Commerce Weekly: U.S. merchants take on mobile payment

U.S. retailers launch a mobile payments network, tech is driving the future of shopping, and East vs West Coast shopping stereotypes.

Merchants enter mobile payment arena

With mobile payments on the brink of booming, everyone is angling to get in the game, from payment companies like PayPal and Square to mobile carrier ventures like Isis and Vodaphone to Internet giants like Google. This week, a group of U.S. retailers announced they were taking payment matters into their own hands and planning a joint merchant mobile payments network called Merchant Customer Exchange (MCX). And there are some big players involved.

Robin Sidel at The Wall Street Journal reports that 14 merchants have signed on so far, including Wal-Mart, Target, Best Buy, 7-Eleven, and Lowe’s. Wal-Mart corporate VP and assistant treasurer told Sidel, “We’re open to all partners, but it has to be beneficial to member merchants in a way that improves the system and doesn’t layer on additional costs.”

Saving money appears to be one major motivator behind the new network. Ryan Kim at GigaOm asserts that member merchants are setting themselves up to save money in multiple ways. He writes:

By banding together, they may be able to get better interchange fees from the credit card networks. And in a mobile wallet, they may be able to steer consumers to use their own issued cards or prepaid gift cards. And if an issued card is pulling funds directly from a bank account, they can avoid card fees. You might see retailers offer deals on the spot for consumers who fund a purchase using their bank account through their mobile wallet.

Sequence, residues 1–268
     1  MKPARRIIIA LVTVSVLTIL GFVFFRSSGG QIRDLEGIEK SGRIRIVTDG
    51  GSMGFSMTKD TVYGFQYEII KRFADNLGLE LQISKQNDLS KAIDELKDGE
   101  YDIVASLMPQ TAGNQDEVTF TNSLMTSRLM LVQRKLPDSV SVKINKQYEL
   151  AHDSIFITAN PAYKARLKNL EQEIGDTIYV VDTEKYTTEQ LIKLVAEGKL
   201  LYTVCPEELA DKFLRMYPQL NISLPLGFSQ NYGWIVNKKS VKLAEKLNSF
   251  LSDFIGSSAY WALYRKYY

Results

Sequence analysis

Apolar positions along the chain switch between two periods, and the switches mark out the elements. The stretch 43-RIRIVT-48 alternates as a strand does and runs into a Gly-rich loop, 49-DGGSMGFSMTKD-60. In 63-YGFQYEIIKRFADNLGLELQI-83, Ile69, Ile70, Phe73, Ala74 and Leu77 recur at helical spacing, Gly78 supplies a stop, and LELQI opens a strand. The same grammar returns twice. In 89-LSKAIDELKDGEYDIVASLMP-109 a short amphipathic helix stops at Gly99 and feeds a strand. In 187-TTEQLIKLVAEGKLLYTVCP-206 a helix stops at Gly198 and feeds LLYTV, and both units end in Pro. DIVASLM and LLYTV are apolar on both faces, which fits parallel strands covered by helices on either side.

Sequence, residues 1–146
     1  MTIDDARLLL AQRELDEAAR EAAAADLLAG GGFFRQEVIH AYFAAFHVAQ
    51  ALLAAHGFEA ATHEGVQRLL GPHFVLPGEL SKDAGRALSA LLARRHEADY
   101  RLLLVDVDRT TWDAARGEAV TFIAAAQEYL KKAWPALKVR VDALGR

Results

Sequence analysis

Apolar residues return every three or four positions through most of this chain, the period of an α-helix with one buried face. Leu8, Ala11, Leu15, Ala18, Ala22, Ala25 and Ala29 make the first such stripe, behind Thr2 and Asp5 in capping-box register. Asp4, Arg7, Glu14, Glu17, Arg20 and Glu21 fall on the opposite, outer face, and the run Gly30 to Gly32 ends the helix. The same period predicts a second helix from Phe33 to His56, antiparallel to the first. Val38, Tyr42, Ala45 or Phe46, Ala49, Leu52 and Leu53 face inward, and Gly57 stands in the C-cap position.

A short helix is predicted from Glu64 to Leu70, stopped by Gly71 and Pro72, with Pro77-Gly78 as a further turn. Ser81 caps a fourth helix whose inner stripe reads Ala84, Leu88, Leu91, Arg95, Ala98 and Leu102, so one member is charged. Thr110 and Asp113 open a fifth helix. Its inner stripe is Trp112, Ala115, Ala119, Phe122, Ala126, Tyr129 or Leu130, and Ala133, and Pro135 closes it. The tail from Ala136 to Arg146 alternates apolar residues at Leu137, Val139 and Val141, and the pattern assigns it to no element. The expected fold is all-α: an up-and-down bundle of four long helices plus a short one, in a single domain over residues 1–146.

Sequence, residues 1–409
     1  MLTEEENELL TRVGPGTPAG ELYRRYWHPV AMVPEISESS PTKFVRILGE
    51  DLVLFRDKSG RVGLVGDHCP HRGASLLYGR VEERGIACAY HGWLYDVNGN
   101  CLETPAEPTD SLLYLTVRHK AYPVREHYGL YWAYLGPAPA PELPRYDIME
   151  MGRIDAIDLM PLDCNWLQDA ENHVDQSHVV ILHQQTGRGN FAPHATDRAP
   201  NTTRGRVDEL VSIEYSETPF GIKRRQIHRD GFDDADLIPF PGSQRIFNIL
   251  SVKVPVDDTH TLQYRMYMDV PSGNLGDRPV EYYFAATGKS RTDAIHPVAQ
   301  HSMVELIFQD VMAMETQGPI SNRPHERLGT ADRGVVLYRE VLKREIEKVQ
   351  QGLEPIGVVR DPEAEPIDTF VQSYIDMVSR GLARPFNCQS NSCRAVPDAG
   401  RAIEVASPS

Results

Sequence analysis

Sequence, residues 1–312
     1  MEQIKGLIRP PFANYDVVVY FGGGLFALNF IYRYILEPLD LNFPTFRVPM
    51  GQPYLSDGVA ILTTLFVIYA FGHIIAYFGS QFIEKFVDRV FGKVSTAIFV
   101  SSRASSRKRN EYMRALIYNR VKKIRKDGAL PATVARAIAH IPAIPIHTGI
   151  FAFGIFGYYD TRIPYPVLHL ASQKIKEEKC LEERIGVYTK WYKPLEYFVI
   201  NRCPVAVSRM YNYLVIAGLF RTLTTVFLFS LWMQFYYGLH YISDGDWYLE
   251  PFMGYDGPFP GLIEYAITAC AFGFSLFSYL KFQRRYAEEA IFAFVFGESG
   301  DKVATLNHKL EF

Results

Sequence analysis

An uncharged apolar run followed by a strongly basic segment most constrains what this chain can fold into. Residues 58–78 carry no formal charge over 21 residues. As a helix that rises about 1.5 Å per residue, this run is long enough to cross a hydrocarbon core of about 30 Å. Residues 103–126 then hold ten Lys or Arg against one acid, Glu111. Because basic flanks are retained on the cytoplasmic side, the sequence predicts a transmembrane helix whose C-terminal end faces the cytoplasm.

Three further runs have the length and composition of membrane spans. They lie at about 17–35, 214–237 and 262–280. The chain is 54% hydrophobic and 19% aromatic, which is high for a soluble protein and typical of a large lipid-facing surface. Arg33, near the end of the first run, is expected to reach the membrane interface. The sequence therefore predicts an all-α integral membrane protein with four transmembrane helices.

Kim also notes that by launching their own system, the retailers will retain control over their own data and keep it out of third-party hands, pointing out that “Google, for example, is trying to get at the purchase data through Google Wallet.”

No launch date has yet been set for MCX, and Sidel reports that the search for a CEO is underway.

X.commerce harnesses the technologies of eBay, PayPal and Magento to create the first end-to-end multi-channel commerce technology platform. Our vision is to enable merchants of every size, service providers and developers to thrive in a marketplace where in-store, online, mobile and social selling are all mission critical to business success. Learn more at x.com.

The future of shopping is all in the tech

Recent Nielsen reports show that not only are smartphones holding a majority in the U.S. (50.4% of mobile subscribers as of March own a smartphone), but that smartphone owners are using their phones to shop. The latest Nielsen report shows that 47% of smartphone owners (or 45 million users) used shopping apps in June, with eBay Mobile and Amazon Mobile apps in the lead.

There’s no question that mobile technology is beginning to change the retail landscape, but we’re just at the tip of the iceberg. Jon Swartz took a look at the future of shopping over at USA Today and writes that technology advances will change everything from physical appearances of stores to shifting the retail workforce focus to be more customer centric. Shopkick CEO Cyriac Roeding told Swartz, “The next five years will bring more change to retail than the last 100 years,” and a Gartner analyst told him that retail we know today will be a thing of the past in 10 years: